The Sense and Significance of Rights Talk: A Dialectical View

40 Pages Posted: 11 Jul 2013

See all articles by Tim Hayward

Tim Hayward

University of Edinburgh - School of Social and Political Science

Date Written: July 10, 2013

Abstract

What are rights? A skeptic might respond that there are no such things as rights and that therefore the question is misconceived. In return, a different line of questioning might be suggested: if people were to stop imagining that there are such things, would anything other than an illusion – which is in fact a source of chronic confusion and widespread equivocation – thereby be lost?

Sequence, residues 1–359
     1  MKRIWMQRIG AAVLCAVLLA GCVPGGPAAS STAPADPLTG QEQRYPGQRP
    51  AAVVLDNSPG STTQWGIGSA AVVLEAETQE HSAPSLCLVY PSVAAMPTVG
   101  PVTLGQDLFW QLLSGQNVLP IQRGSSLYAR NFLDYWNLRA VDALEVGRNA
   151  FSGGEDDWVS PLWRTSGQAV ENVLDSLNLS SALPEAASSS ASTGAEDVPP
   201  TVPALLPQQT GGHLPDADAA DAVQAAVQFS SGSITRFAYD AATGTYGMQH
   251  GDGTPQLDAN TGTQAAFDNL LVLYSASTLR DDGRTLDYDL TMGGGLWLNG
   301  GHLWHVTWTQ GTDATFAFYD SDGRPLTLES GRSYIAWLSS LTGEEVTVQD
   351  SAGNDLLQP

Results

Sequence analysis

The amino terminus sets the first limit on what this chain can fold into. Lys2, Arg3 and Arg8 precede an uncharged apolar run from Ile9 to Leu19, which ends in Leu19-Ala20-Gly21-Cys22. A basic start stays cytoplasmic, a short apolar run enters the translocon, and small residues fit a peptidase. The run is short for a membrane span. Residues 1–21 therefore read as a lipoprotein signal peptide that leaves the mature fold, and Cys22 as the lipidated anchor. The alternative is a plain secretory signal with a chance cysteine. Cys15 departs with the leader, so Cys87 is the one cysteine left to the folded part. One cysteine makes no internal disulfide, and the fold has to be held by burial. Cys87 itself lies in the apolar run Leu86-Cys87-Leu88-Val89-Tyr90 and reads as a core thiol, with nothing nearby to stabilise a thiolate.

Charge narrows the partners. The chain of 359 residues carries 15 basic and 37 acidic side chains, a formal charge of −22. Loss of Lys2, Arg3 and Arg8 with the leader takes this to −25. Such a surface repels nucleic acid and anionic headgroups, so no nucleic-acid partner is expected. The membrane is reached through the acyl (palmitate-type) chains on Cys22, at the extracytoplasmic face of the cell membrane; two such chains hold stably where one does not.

My aims are to show both that the skeptic’s questioning merits taking seriously and that a constructive answer can be provided to it: we do not have to believe there are such things as rights in order to understand the sense and significance of rights talk. What we do need to do is remain mindful regarding the constraints on what is intelligible and believable in that talk – something that requires some intellectual effort in the face of the theoretical accretions that have come to lend an impression of conceptual solidity to the abstract idea of a right.

Keywords: rights, legal realism

Suggested Citation

Hayward, Tim, The Sense and Significance of Rights Talk: A Dialectical View (July 10, 2013). Available at SSRN: https://ssrn.com/abstract=2292089 or http://dx.doi.org/10.2139/ssrn.2292089

Tim Hayward (Contact Author)

University of Edinburgh - School of Social and Political Science ( email )

Edinburgh, EH8 9LL
United Kingdom

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